State rolls out Spanish-language website, tools to fight coronavirus
State public health and safety officials provide a July 16, 2020, update on the coronavirus outbreak in North Carolina and the state's response to it.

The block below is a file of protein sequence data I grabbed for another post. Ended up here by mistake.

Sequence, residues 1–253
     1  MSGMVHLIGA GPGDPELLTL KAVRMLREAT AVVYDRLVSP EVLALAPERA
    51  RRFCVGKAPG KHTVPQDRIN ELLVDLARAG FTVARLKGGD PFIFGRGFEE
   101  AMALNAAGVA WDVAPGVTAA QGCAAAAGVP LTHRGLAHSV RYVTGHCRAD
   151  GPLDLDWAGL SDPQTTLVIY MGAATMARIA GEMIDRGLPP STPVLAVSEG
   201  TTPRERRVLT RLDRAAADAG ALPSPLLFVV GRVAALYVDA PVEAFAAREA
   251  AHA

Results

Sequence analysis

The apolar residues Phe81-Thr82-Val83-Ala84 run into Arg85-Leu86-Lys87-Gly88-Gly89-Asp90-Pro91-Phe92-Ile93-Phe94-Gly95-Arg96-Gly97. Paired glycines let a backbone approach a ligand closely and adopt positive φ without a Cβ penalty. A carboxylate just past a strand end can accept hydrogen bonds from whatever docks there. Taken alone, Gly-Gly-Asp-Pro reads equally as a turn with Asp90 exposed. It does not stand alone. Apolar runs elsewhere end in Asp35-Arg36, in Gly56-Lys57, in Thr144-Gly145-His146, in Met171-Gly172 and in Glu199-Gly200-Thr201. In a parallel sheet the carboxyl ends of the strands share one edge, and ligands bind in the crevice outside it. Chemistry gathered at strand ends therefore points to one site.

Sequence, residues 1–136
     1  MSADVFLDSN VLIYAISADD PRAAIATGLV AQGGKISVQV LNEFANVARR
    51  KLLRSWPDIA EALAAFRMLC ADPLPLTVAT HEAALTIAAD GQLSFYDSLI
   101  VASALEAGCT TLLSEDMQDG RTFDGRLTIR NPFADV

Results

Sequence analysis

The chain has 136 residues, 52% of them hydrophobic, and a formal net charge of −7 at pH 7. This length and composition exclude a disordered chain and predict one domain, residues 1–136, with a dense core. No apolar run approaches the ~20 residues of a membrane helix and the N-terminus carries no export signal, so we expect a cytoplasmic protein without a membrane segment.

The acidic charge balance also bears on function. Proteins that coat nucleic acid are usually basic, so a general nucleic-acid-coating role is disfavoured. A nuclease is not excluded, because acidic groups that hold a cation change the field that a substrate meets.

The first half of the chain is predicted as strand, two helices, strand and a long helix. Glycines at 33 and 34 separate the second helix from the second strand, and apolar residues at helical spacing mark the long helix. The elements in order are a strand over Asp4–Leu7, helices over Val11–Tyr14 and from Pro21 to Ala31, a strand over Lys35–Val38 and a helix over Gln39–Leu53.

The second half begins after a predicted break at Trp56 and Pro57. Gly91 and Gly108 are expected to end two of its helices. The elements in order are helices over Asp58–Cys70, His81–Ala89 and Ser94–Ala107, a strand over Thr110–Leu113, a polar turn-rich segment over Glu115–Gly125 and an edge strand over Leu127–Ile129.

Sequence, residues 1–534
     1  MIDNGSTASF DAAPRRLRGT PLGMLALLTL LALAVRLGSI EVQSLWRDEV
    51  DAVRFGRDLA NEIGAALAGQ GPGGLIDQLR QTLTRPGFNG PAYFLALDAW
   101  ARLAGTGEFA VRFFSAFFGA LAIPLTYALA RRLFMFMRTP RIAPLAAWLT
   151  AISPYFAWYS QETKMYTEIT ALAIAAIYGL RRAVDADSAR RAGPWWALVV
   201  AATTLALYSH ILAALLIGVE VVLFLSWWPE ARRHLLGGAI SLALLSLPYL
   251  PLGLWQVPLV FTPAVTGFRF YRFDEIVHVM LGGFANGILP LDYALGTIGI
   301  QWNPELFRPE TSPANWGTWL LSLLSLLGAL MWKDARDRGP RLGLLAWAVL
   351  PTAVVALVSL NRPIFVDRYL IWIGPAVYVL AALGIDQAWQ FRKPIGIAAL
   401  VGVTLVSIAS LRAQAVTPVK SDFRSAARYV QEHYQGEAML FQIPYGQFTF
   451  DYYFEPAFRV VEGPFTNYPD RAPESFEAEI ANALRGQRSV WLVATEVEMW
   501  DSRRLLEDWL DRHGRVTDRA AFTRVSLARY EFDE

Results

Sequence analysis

in by Dr Carter Burns, our senior deputy director at the Division of Public Health. Dr Burns is leading our testing effort and Dr Viviana Martinez Beyonc with the Duke Department of Family Medicine and Community Health and a member of our historically marginalized Population Cove in 19 Response Work group. Also with us today is JB Buxton, a member of our state Board of Education. We are also joined, as always, by nickel. Fox and Karen Magoon, who are our American sign language interpreters and Jackie and Jasmine Motive Ear are Spanish translators. I'll start with a rundown of our numbers. As of this morning, there were 93,426 laboratory confirmed cases, 1134 people who are currently hospitalized. And sadly, there have been 1588 deaths. So today is a day to day. I know you've all been waiting all week for your favorite graphs and charts, and as I said on Tuesday, we have continued to simmer. But if so far avoided boiling over as a number of states are now doing as I go through the data, don't forget we have the ability to impact these trends right now. Today, what happens next largely depends on how each North Caroline an answer. Three simple questions. Will you wear a face covering? Are you waiting six feet apart and are you washing your hands frequently? I hope you know the answer should be yes to all those. All right, let's get started as a reminder. We use a combination of metrics. We look at Cove it likes and drama cases. Lab confirmed cases, positive tests as a percentage of total test and hospitalizations. Some of these metrics help us understand the rate of viral transmission in the past few days, while other metrics like hospitalizations tell, Tell us how much transmission was happening a few weeks ago. Let's dive in. Our first graph looks at people who come to the emergency part department with cove it like symptoms. This is the most timely data we have, and it's our earliest detection mechanism. Taking a look at this trend, you can see that Yellow line continues to increase. This metric is not impacted by our testing rates or other factors. Again, it's an early warning indicator, and it's indicating that it continues to go up, which is concerning next we look at laboratory confirmed test. This is another of our more timely key metrics. This slide gives you a look at the trajectory since we've had our first case back in March. But it's helpful on this next slide to zoom in and get a better sense of our current picture. As you can see, looking at that yellow line, the number of new lab confirmed tests of covert 19 is still increasing. Today we have another high number of new cases at 2160. We want to see this curve flatten and then keep it flat and trending downward. But we aren't there yet. Now we're looking at the percent of tests that are positive. Looking at that very flat yellow line, you can see that the percentage of total tests that are returning positive has been holding steady at between eight and 10%. Now it's a good sign that this trend has continued toe hold steady, but we would like to see this number closer to 5%. It remains elevated and the next metric is our day over day hospitalizations, and I draw your attention again to that yellow line. Hospitalizations continue to rise. And as I've mentioned before, people who are going into the hospital today, we're likely infected days or weeks ago. That's why we call this a lagging indicator, with daily case counts continuing to go up. We know we will continue to see an increase in this metric in the weeks ahead. That's why we're in constant communication with our hospitals across the state. Fortunately, we still have hospital capacity here in North Carolina. All right, in summary, here's where we are today. Our surveillance data shows a continued increase. This gets a red X R. North Carolina's trajectory of lab confirmed cases continues to increase. It also gets a red X. North Carolina's trajectory and percent of tests returning positive remains level, but it's still too high. It gets a yellow line, and, as I said, I'd like this to be cut in half, closer to about 5%. North Carolina's trajectory of hospitalizations is also increasing, but we have capacity again. Ah, yellow line. We're also tracking are critical capabilities. Those ability for us to respond to this pandemic. Testing, as you could see, has that sideways arrow for the past week, we've averaged about 25,000 tests a day, which is a huge amount of testing, and that's very good news. But you have repeatedly heard me raise concerns about testing, turnaround times, supply chain issues and the need for spent federal support. More and more states are raising the alarm about thes challenges in North Carolina were working night and day to increase testing and improve access across the state. You're going to hear more about that in a moment from Dr Carter Burns on those efforts. But we need our federal partners to help our states and suppliers get on the same page so that people can have timely test results and use that information to protect themselves and their communities on contact. Tracing things continue to go well. We're continuing to hire tracers the bolster our bolster our efforts in our local health departments and meet their ongoing needs. These community team members reflect the diversity of the communities they serve, and almost half are bilingual again. Our PPE supplies continue to be stable, so today we're going to hear updates about two critical areas of our work. Expanding access to testing on getting health information. Add to our Latin X Hispanic communities. First, we're going to hear from Dr Carter Burns, and she'll share an update on our initiative to provide free community testing events across the state. Thes events ensure that those that are being hardest hit by this pandemic Latin, X, Hispanic communities and are African American communities in North Carolina that they have access to testing. Thank you and thank you, Secretary Cohen. As Secretary Cohen just said, I am here to share an update on our work to expand access to testing, which is my team's top priority. We're focused on breaking down barriers to testing to make sure every North Carolinian can access a covert 19 test if they need one, particularly those who are been who have been hit hardest by this pandemic are historically marginalized populations. As the secretary announced earlier in July. Throughout this month, we're sponsoring cost free community tests and events across the state. These sites are strategically located in ZIP codes we know didn't have easy access to testing before, and for those populations that have been disproportionately impacted by cove it people who are African American let necks Hispanic, American, Indian, elderly with multiple chronic conditions are those who work in essential settings like our construction and seasonal farm workers. So far, the community response to these testing events have been overwhelming, both in terms of the number of people coming to these sites to get tested and the support we're hearing from the community. That early feed BET tells us the need for this initiative is very much there and suggest we're getting these resource is out to the places that need them. So far, in just under one week, there has been 60 testing events, with almost 2000 tests collected. We plan to double that in the next two weeks. But importantly, thes events are being held in place, is trusted by and accessible to our historically marginalized populations. When we talk with our communities about barriers around testing, it's clear we have to put an emphasis on breaking down costs barriers to make sure no one skips a needed test. Because of financial concerns. All of the community tests and events that are a part of our initiative are free, and I will say that again free. We have also added an important new feature to the find my testing place digital resource that helps people to find a testing place near them. Now you can enter a zip code to get information about testing sites in your area. Then information will include whether or not there is a cost for testing at that location. As I mentioned, all of our state initiative testing sites are free of charge, but we know they're other sites, and costs can vary. You can now use our check my symptoms in either English or Spanish to help you determine if a test is recommended. Thank you. Perfect. Thank you, Dr Burns. Today we are launching a Spanish language comm pet companion to our check my symptoms Online tool to help North Carolinians determine if they need to be tested for Cove in 19 and to help people who have tested positive or have been exposed to Cove in 19 making sure they're able to monitor their symptoms because he talked about before. I have been deeply concerned about the health of our Latin X and Hispanic community, and this new tool is one way in which we can help our Spanish speaking community members protect themselves and their families. I'm pleased that we have with us. Dr Viviana Martinez Bianchi, with to discuss how we can continue to protect ourselves and our families from this virus. Thank you, Dr Going And Dr Burns. The best way to prevent Corbyn 90 yield illness is to avoid being exposed to this virus. The best way to prevent spread in the community is to stop the spread of the virus. The faster we can, we get cove it under control. The faster life will start to get back to normal. We all play a really important role in protecting our co workers, friends, families and others by wearing face coverings and keeping a safe distance from each other. Wear face coverings in public settings and when around people outside of your household, especially when other social distancing measures are difficult to maintain. Face covers are not a political statement. The vitals doesn't doesn't care which political interest you have. This is not a debate question or a fashion statement. Wearing a face covering is a solution to slowing. Covered from spreading face coverings help prevent people who have Corbyn 19 from spreading the virus to others. And since many people who carry the virus do not know it. Where in the mask helps to stop that spread. Always wear a face covering in public has to cover your mouth and your nose to protect from covered practice safe. Six. Put distance between yourself and other people at least six feet apart. Clean your hands often, either with soap and water for 20 seconds or a hand sanitizer that contains at least 60% alcohol. Avoid close contact with people who are sick and if you have to take care of them. Put on your mask and gloves and use all the necessary hygiene measures to avoid contagion. Clean and disinfect frequently touch objects and surfaces daily. In addition, we're lunching that check my symptoms tool. This Web based tool that you can find in the North Carolina. The HHS website helps you check your symptoms online and determine if you will be recommended to be tested for Kobe. 19. After you enter your symptoms. If it is recommended that you get tested, you will receive a list of nearby testing side to be on email or text, whichever your preference where that face covering. Wash your hands, wait apart from others and now I will say this in Spanish. Let me Horman era. The Previn in Allen familiar the cove in 1976 corner size debuts. Harmony is that in their lap robe. Agassi on the videos Quantum Arapahoe tangle Most Kobe Bajo control mass Rapido commensurate Allah Vida a ball where Alan normally solos are almost more important than Teyla Protection on the Metro Companion Trabajo Amigos familias Cubiertas Kara in Montana who say protectorates but Allah, Karam, Askariya and numerous publicos Ikhwan to stay circa the personas for the swagger pistol meant when the old transmitted at a distance. Amanda Social Son deficit is the mantener for the Templo Wanda in So Auto. The Camino Al trabajo con companion. Let's Makary areas over Victoria's Fast Alice. No so ordinary Christiane Political Really important. They rto Cyril a proposed in the cove. It s Cubiertas Massialas, Julia, Navy Turkey Last personas get in and Kobe's the King. 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It was you that if he cars to seen Thomas and Lena determiner Cecelia recommend Aarhus. Ursula, probably Kobe. This, in very disappointing results, is seeing Thomas issues Otto's Caesar community say Allah Pereira. Receiving at least at the siege of the preface are card nos poor Cory Electronica on her cell men's actually text on suit telefono The band Endo Soup Preferential, you say LaGuerta Fassel, lavish Celeste miners. Yes, Berry, a part of the Los Demas move. Just glasses. Well, thank you, Dr Martinez. Beyonc? It's wonderful to be joined by such amazing women leaders that we have in our state as we talk through this data, and these new resource is today, I know that families across the state are thinking about this week's announcement about school reopening. This is a stressful time where there are no perfect decisions. That's why I want to reassure you that I want to reassure North Carolina students and parents and teachers that I'll continue to be open and accessible through these briefings. We will continue to provide transparent and comprehensive public resource is that you can check on our website to find specific guidance and materials that will have around schools and what's going on with the virus across our state. Finally, I want to emphasize that as our communities work hard to get our Children back to school, everyone in North Carolina has an important role to play by practicing again. The three W's wearing a face covering over your nose and mouth, waiting six feet apart and washing your hands often where weight and wash. And with that we will open for your questions. And I'll remind you that we are also joined by Davey Bucks in from the, um, Board of Education to answer ah, whole range of questions on schools and other topics that you may have thinks we'll take our first question today from Player Donald with W F A radio in Charlotte. It's clear. Donnelly with wf 80 radio in Charlotte. I know that statewide we're seeing the, um between 75 80% of hospital beds are in use. I'm wondering if you could tell me how this compares to what hospital compacted he was what normal hospital capacity was free. Kobe 19. Thanks. Thanks, Claire. Question about hospital bed capacity and where Where does that lie? So as you may know, hospital bed capacity goes up and down with seasons and various things that are going on, um and so and hospitals are able to control their capacity and and do their staffing. So I would say it changes over the course of the year, but I think we're about at where we would normally see capacity, which is why we continue to say we have capacity within our state. The question is, do we have the capacities in the places where we need them, right? Cause we're looking at an overall picture from our state. We also need to look at that as from ah regional perspective as well. And I'll preview for you that we're going to be putting additional information about hospitals up on our website as early as tomorrow night. So stay tuned for that. But as we look at ensuring that we have hospital capacity, we really do look at a regional picture, try to draw in hospitals from that that entire region to have a conversation about hospital capacity. We did just that. For example, I mentioned that ah, previous press briefing about that in Charlotte, um that we brought the various hospitals in the Charlotte area together because we can make sure that they're helping each other out, and that's exactly what we're seeing. I'm I'm really pleased with the coordination, the communication, the transparency that's going on, and it helps each other make sure that if one hospital is getting a little bit more full, how can we balance that out between hospitals? So again, we are trying on a daily, frankly hourly basis to understand what's happening in our hospital system to make sure that we can respond and react and do different things. If if we need Teoh. But the overall, you know, news for today, in terms of hospitalizations, is there slightly up? But we have capacity here in our state. Thanks, Claire. The next question is from that Mercer in the state. Colonel. Good afternoon, Dr Cohen. Thanks for taking our question. Um, one thing that we've gotten as we've talked to other organizations and kind of around the hospital system is that people that are in the hospital for unrelated, um, surgeries or unrelated things, they get tested at the hospital, and then it turns out they become a cove. It taste That's confirmed. There can talk about what kind of prevalent that has, um, in the numbers that are recorded. And secondly, or people counted as two confirmed cases. If they test positive twice, or is it still that one person individually Great. Let me take your second question, cause that's an easy one. We we make sure that one person one test. So when we count our numbers that even if you've had multiple tests, we only count you once. And when we're counting the numbers, I keep hearing the other, there's there's hospitalization related to unrelated surgeries. That prevalence is extremely low. And what I would say is, I I encourage folks in the in the media in particular to get in touch with some of our hospitals, particularly in the Charlotte area, who I know are seeing a lot of of cases of Cove in 19 and some folks who are quite sick. Um, and I'd engage with them in a conversation about the, um what they are seeing within their hospitals, because we are seeing a higher burden of cove in 19 patients in our hospitals. Now we are not at a place where we're needing to go into surge capacity. I was, as I was sharing with Claire. But again, this is not just incidental findings in her hospital. These air sick folks who are unfortunately coming into our hospital that are getting taken care of by some of our doctor, nurse and other clinician heroes, um, and that we're working hard as as a state to keep the spread of our virus low so we don't overwhelm our health care system. I think what you are seeing in other states, whether it's Florida or Texas or Arizona is that hospitals are running out of capacity. There are many hospitals who are now on divert, which means they're not taking any new patients. We don't want to get into that situation where we can not no longer access capacity in our health care system because, as I was mentioning when I went through the data, hospitalizations is what we call a lagging indicator, meaning it's it's telling you what was happening a few weeks ago. So if we only react to hospitalizations were going to be too late. We need to make sure we're watching all of our indicators to make sure that we don't overwhelm Our hospital system thinks we have a follow up from that Mercer thinner state journey. I think he has a quick follow up on this in terms of the contact tracing that's been done, the website is outdated, a one per week with number of full and part time contact tracers. But one thing that we also do not see is what is the goal for the number two have, or is that going to be something that is ever changing as the process goes on. Matt. Great question. And I think it's the latter. It's going to be at a changing number. If we have more cases, we're going to need more contact tracers. I'm hoping that we we are going to work hard as a state so that we are slowing that spread of the virus and so we can stabilize these numbers. If we stabilize them, we won't need additional contact tracers. So we continue to surge up. Resource is to meet the demands on. And we're working very closely with our local health departments on that, um but that we will continue to surge. Those resource is if we need Teoh. It's another reason why we all need to work to slow the spread of the virus. We I want to make sure that we don't need more contact tracers, but we will hire more if we need them. Um, for our state. And we all have a part to play in slowing the spread of the virus. Thanks. The next question is from Daniel Photo with Telemundo Charlotte. Thank you. Based on information we received from reliable sources immigrants seeking for health assistance because of Kobe, 19 are not accepted in hospitals because they do not have health insurance. We have received multiple and similar allegations in the last few months. Are you aware of the situation? What message? The statehouse for thousands of immigrants in such a dramatic situation right now. Daniel, I'm so glad you brought brought up this question because we want to make sure that we have accessible care for everyone who is here in North Carolina. As you know, our hospital systems are already by law required to treat anyone who walks through their doors. It's an M taal, a law law. They cannot be asking about either insurance status or immigration status in order to treat someone who was right in front of them, so that should not be happening in any hospitals. So please do get in touch with our office if if though that is the case now, we do know that that there are access issues for folks who do not have insurance. I think that's why Dr Burns was talking today about free testing sites. We know that without insurance that testing can be quite expensive for someone, but we want to make sure that those tests are accessible to folks, which is why we are putting those free sites up in ZIP codes that have been impacted by Cove in 19. But also we see our our historically marginalized communities. So we're trying to make testing accessible. But please do get in touch with us about any other concerns. I want to turn over to Dr Martinez, beyonc? For firm or about how we can make sure those in our Latin X and Hispanic communities get access to care. Thank you. Loved record. And thank you for the question. Telemundo. We host a weekly a what we call lighting 19. Um, it from Do remember, we've been hearing this thesis more and more, and we have identified it as an issue off self advocacy in one way, but also the importance off really figuring out Where are these cases happening? And how can we inform our hospital organizations? Are people working in triage to really not turn people back? We have heard stories of people who have even tested their post op symmetry at home on realize that were dropped in the hospital and if they didn't have a culturally appropriate interpreter, were overwhelmed by the questions and told that, well, they weren't sick enough to stay home when they were definitely sick enough. So we really are trying to understand the magnitude of this situation I work with. One of the task force is for the a vulnerable and marginalized populations. I also work in different task forces and I now working directly with Dr Coin. So it is extremely important that we talked together and understand Where are these situations happening to prevent from happening? It is an issue of self advocacy that shouldn't have to be so hard to dio that organizations should not. I put already struggling families fearful of what is happening with their health, having to explain that there really sick enough to be in the hospital. And those are the majority of the cases that we have heard about. Thanks, Daniel. The next question is from Lynn Bonner with the News and Observer. Hi, Dr Cohen. Thanks a lot for taking my call. This is Lynn Bonner from the News and Observer. In the past couple of days, we've seen School District moved to online only instruction, at least for the first few weeks of school Is the state still comfortable with Plan B? Or should you consider a move to plan C at least for the first a month or so of school? And I'll get another question. Well, Amman, Much of the this school district decisions to move to Plan C tend to be driven by teachers, um, many of whom fear returned two campuses. Are you confident that school systems will have enough teachers would like to do in person classes? Well, Lin, thanks for that important question. And I'm gonna have JB waiting on that in a second as well. But remember that when we're making any hard decision about schools and schools has been an incredibly, really, really challenging decision. You have to away both the benefits and the risks. We know there are arrests from Cove in 19 but we also know the great benefits from in person instruction. Um, and we know that missing school causes real harm for Children. So we were trying to find the right balance, and I think that by choosing a Plan B, we're trying to go with a flexible but balanced approach where we can do some in person learning and get some of those benefits of being in person while also acknowledging we need some ability to maintained six feet, have less kids in each of the of the school buildings on and put in the maximum amount of safety precautions as we go back to in person learning. We also encouraging every school district to offer remote learning options for for families that might need to do that. And as far as teachers, obviously teachers are that this is incredibly challenging, not just their own thinking about their own health concerns. But this is a complex to implement all of the different facets of the safety precautions. There's a number of things that we've done first, the governor announced the other day. Is is that we are sending face coverings to every school district to make sure that they have that. Then we wanted to have the maximum number of safety protocols and protection in place, So that's why we chose the Plan B. But we also want teachers to have the opportunity to rate to raise to their their school leaders. If there is a challenge for them as being high risk, and then have those school districts work with them on modifications as that becomes necessary. Um, so I'm gonna turn it over to J B. Bucks him from the school. The school board. Teoh, Answer your question. Further land. Thanks. Thanks. Secretary Cohen. I think land. I think Secretary Cohen said it well, so I just make some brief additional marks. I think what you're seeing across the state are school districts who are working hard to engage their teachers, their parents, their school leaders in figuring out what they can make work in terms of Plan B. I think you're seeing School District's look hard at Plan B and all the requirements in the strong schools plan and the guidance. I think it's really important that parents, teachers and community members take a look at that guidance and see the strong safety precautions that are in there. I think people should feel comfortable with the kind of safety precautions that are there, and District's many districts are working to put Plan B in place. Certainly we're seeing districts that are looking at Plan C for a variety of reasons, and I think it's our hope that folks start with the goal that I think everyone shares, which is how do we get students and teachers and optimal learning situations, optimal situations that supports not only their academic learning but also their social emotional, physical needs, nutrition needs? And that's what I think. School districts with a lot of thought from this resourcefulness and creativity are working hard to do right now. George, let me make sure you don't follow up on that. Our next question is from Victoria. They within What's a Latino? Hi, everyone. And thanks so much for taking my question. Um, I'm actually curious about, um, the outbreak. It was a spread rather in, um, congregant living among farm workers. And I'm wondering what the health Department's plan is as far as planning for isolating folks and non congregate housing if they were toe, um, get the virus. And you know who you are working with on the ground in the rural counties to help that happen? Well, thank you for bringing up the important topic of our farm workers. We are seeing spread of the virus in our agricultural space, and I think there is a number of things were doing First is about prevention. How do we slow the spread? And it's the same things we've been talking about. And we are in the process of sending additional face coverings and disposable disposable mass to our agriculture partners to get to all of our migrant farm workers so that they can have the protection that they need, whether they're out, uh, at work or in their congregate living settings or in transportation to or from any of the field. So first is prevention, making sure that they have the ability wash their hands, do as much social distancing as possible and when and also to be wearing face coverings. The other is about access to testing. And so you see that we have tried to target some of these additional testing sites to wear a number of the migrant farm workers are as well as other agricultural sites. But then I think you bring up the hardest one of all, which is what happens when someone is positive. But and then they need Teoh isolate in order to not spread the virus to others. And this is a very, very challenging problem that we've been trying to attack from another number of places. We have been get granted what's called a non congregate waiver from our federal government that allows us to set up some additional housing options. But there, that's a challenge, because folks need to be close to the fields in which they're working and and such. So I will not say that that we have all the solutions on that front, but is definitely top of mind to think about. How do we do to support folks in doing that isolation that they need to do if they are positive? So trying to attack the issue on 33 fronts And I want to turn over to either Dr Burns or Dr Martin. Anything else you want to say about Farmworker? Okay, we recovered it. Thank you. Our next question is from Rose hoping that that's going to help you. Hi, Secretary. Thank you for taking my question. Um, so you said that we're going to be seeing some hospitalization data later in the day. You elaborate on that? Are we going to be seeing, for example, like which hospitals have how maney folks like how many patients are on the floor versus being, and I use what are the kinds of things that were going to be seeing and then also with the new mandate from the administration for hospitals. Report straight to be A to the federal gave a taste test are they are North Carolina hospitals also going to continue reporting to you, Rose? Thanks for those questions. So first, I would say the data won't be available to tomorrow night. So hang on. Um, and what you're going to see are some additional details around. I see you usage and then broken down to regions. It's not going to get down to specific hospital, but it will get to a region. And again, it goes back to us, understanding hospitalization capacity at a regional level. So that's the kind of data that that you will see tomorrow. As far as this new change in the federal reporting, you know, there's a couple of things that I'll share. One is that the state has been reporting to the federal government on behalf of the hospitals. Up until now, it's been a great collaborative relationship. We actually have daily working groups that are working on data with hospitals and on all sorts of things we've gone. This wasn't a very abrupt change. I don't think we got any warning that it was coming. Um and so we we have We checked in with our hospital partners and decided that it was better and quicker for them to now do the direct reporting to the federal government on their own. And so not come through the state to do that reporting so but it But it does not change the fact that the hospitals will continue to need to submit data to us at the state. Unfortunately, that means that they have to do, you know, double the reporting. But we're hoping as we can ingest the new requirements from the federal government, that we can go back to streamlining that so we can who we can again report on behalf of the hospitals and just streamline and make it more efficient. But what I'll say is that we went from needing to report 30 data elements to something like 96 data elements overnight. That is not something that happens overnight. So we are working hard on that. And again, I'm disappointed in the way that that got ah rolled out in such an abrupt way. I'm all for data efficiency, but but I think we needed a bit more lead time to understand what was needed. And I think we all have questions about when that data is now going to the federal government what visibility will come back on. And how will they be using that data to give all of us the visibility that I know folks want? We will continue to be transparent at the state level, but I think it always helps for us to be able to compare to what's going on in other states. And, um, and understand where where we fit into the ah, the national landscape. Thank you. We have a follow up from Ruse open. Yes. Thank you. Um, you know, uh, can you give us a hint? So what, we're gonna be in the hospitalization data? I mean, one of the reef. My ask is that we keep hearing that the new cases are being driven more by younger people. Are they the ones ending up in the hot? Little are younger people. Any of them, huh? Little Or is it still, you know, the older folks who are, um who the are smaller percentage of the total cases? Are they still a large percent of the hospitalizations. Thanks, Rose. We know there are always more insights to the data than we're gonna be able. Teoh always give, though. Now you're getting into some additional demographics and clinical information related to each case, and so stay tuned for more, but I don't think next. I don't think tomorrow's transfer of data is going to get to that level of detail that you might be asking about. I'd be You may be able to get in touch with individual hospitals who are tracking that data, but I don't believe that will be in the release for tomorrow. And we'll take our final question today From Kate Martin, Carolina Public. Good afternoon, Dr Cohen. Thank you for taking my question. This is Kate Martin, Carolina Public Press. You said that Children are less likely to spread the virus and less likely to get sick. I'm hoping you've been quantified that in the differences between the way the hospital acts with Children versus adults, I think that teachers are uncertain about the school year because they don't know what the risk is, and maybe that answers to that question will help them. Also, I'm wondering if you plan to send your child back to school in person in any capacity this fall. Thank you. Yes, Kate. Well, first, it's a good question, and I'd have to go back to the literature to understand the relative change in in transmissibility. So you were right in saying Children are both less likely to get the infection. They're less likely to get very seriously ill, and then they are less likely to transmit it to the others. And I think your question was help me know how much less in how much, how much less likely are they? And I don't know that. So I'd want to go back to the literature and and talk with some of our experts, and we will be happy to follow up on that. But again, I think it's going to be different in different situations. And again, I continue to caveat that the data that we are getting in the evidence is evolving. So we will continue to look at that science and and look at it, Um, but we do know that it is. It is less, and I hear your question about how much less so we'll get back to you. As far as Yes, I am a Wake County parent. My have two girls who rising first grader and a rising third grader. Um and you know, look, every family has to make a decision that is right for them. But for us right now, as a family, our decision is to have our girls go back. Teoh in person instruction, given what we know now. So we look forward to getting our kids back in the classrooms. But again, I want to respect that every family is going to make their own decision based on a variety of things. So our decision in what's right for us as a family right now is to have our our girls go back to in person instruction, which I think, you know, in Wake County means I think they're going back once every three weeks in terms of in person instruction to start. Okay, I think that was the the end here. I wanted, you know, thank again Dr Carter Burns. He was with us and Dr Viana Martinez. Beyonc. Thank you. JB Bucks in from the State Board of Education for being here with us and thank you all for tuning in again. today was day to day. But I want to remember remind everyone that we have the ability to impact those trends. So I hope you will be doing your three W's. Ah, wearing a face covering, waiting six feet apart and washing your hands. Stay well, everyone. Thank you.